Playing It Smart
Make an informed choice about your paralegal
By Celia C. Elwell, RP
March/April 2001 Issue
As more state legislatures, bar associations and paralegal associations
look for ways to define a paralegal and decide what qualifies someone to be a paralegal,
education is one of the major elements considered.
Therefore, choosing a legal assistant program isn’t
a decision to be made lightly. A diploma from a fly-by-night paralegal program simply
isn’t going to cut it.
Too often, people choose a paralegal program based solely
on one factor, such as cost or the short length of the program. Regrettably, some are
persuaded by television and print advertisements from schools that offer a diploma in
everything from paralegal studies to welding. I hope to convince you there are many
important issues to consider before choosing the paralegal school that is right for you.
It isn’t a decision that should be made by looking only at brochures or Web sites,
either. I recommend you put time and effort into investigating your options. In any
situation, knowledge is power. It makes sense to make an informed choice about your
Paralegal programs come in different shapes and sizes
— certificate programs, two-year associate degree programs, four-year bachelor degree
programs and diploma programs. I have divided paralegal schools into three rough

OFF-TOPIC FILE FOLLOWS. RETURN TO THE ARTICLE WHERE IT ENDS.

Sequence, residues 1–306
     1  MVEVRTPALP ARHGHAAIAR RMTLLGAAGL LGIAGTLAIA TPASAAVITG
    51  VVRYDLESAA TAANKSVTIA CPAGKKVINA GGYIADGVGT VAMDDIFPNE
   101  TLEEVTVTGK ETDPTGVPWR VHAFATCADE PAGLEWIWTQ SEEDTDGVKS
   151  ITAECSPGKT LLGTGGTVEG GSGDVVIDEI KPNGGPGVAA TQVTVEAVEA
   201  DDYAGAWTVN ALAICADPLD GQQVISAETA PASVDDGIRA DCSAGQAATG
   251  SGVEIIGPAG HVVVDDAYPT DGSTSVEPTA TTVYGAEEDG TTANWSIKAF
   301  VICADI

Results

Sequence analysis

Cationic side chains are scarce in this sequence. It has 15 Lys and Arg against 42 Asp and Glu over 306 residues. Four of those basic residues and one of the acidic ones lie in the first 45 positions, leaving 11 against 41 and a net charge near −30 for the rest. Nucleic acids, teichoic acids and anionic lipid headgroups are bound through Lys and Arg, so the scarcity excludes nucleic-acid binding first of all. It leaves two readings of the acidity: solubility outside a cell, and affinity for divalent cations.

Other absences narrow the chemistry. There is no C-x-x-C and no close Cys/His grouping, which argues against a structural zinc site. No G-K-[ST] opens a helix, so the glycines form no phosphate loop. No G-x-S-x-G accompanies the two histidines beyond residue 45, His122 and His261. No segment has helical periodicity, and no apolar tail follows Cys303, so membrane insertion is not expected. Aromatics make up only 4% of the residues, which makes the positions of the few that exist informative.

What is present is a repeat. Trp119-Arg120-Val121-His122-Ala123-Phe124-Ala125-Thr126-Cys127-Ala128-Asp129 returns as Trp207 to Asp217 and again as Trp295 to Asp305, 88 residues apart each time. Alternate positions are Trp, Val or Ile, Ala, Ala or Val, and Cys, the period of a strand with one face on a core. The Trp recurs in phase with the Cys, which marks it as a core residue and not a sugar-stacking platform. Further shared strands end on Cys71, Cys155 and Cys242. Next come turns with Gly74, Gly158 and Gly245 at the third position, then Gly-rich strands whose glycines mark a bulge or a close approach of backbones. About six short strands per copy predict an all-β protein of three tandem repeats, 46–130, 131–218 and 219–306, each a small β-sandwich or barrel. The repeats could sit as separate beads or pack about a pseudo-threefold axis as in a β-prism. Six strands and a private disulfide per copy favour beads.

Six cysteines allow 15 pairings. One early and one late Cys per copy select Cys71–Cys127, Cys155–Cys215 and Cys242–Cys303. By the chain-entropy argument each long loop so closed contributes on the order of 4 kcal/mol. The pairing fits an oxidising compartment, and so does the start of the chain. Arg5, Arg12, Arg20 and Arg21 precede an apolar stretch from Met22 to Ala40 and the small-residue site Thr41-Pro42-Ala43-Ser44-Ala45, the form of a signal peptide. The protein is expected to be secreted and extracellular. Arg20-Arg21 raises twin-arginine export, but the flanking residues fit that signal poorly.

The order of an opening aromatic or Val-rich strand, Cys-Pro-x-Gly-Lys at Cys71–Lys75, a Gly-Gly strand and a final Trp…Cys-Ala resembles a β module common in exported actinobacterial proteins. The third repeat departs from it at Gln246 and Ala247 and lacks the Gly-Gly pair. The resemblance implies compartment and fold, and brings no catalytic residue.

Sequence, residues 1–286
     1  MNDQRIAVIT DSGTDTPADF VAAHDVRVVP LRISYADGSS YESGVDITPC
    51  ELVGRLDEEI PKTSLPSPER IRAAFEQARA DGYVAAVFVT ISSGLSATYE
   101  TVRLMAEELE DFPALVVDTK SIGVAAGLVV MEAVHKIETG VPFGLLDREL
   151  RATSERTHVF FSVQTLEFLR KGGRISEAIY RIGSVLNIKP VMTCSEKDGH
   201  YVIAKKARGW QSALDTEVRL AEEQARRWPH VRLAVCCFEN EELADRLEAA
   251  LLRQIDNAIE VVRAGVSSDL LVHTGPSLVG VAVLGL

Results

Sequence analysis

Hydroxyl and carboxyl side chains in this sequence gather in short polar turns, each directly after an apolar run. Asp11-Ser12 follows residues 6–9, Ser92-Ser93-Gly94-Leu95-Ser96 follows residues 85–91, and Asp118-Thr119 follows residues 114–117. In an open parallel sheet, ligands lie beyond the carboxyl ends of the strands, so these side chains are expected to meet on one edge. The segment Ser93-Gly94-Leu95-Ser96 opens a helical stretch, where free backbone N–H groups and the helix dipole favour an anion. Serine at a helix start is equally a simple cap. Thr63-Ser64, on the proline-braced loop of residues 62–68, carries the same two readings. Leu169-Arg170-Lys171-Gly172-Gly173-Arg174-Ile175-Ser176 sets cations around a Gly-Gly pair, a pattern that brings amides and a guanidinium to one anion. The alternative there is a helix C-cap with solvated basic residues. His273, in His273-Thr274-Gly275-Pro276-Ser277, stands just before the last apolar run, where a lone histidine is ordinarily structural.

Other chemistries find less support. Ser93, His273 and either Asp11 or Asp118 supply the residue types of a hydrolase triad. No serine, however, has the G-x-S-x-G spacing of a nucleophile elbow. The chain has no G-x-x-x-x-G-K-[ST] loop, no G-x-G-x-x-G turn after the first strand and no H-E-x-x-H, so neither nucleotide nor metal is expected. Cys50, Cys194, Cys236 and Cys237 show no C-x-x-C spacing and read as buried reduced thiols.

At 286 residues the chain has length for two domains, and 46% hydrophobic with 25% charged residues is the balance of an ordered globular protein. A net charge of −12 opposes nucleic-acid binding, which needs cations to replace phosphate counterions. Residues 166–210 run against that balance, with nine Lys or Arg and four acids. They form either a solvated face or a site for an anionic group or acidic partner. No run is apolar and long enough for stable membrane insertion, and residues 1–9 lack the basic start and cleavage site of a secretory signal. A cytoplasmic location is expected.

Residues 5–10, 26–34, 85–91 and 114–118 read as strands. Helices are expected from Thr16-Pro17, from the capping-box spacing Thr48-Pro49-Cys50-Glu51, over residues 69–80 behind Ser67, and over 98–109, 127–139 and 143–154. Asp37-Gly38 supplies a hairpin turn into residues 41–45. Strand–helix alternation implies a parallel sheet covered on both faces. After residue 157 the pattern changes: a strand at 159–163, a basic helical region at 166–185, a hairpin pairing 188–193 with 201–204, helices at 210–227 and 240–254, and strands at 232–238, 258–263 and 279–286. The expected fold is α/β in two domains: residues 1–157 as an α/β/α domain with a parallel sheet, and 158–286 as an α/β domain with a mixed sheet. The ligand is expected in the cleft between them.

categories for further review: American Bar Association (ABA)-approved programs, programs
in ABA compliance and proprietary schools.
ABA-approved programs must adhere to certain qualifications and
requirements to maintain ABA approval. All ABA-approved schools are re-evaluated on a
regular basis to maintain the school’s quality.
To obtain ABA approval, the paralegal school must (1) be
post-secondary (college) level of instruction; (2) require at least 60 semester hours,
including general education and legal specialty courses; and (3) be properly accredited.
Other standards have included on-site requirements such as an adequate law library.
The ABA’s standards and its publications, including
its definition of a legal assistant, are available on the organization’s Web site,
Programs in ABA Compliance
The second category is schools which, although they have not obtained
ABA-approval, are in substantial compliance with ABA guidelines. Substantial compliance is
To me, it means the paralegal program already complies
with ABA guidelines but, for whatever reason, has chosen not to seek ABA approval. In
other words, if the school applied for ABA approval, it would pass.
Some proprietary schools are ABA-approved; others are not. Proprietary
schools that are not ABA-approved should be properly accredited.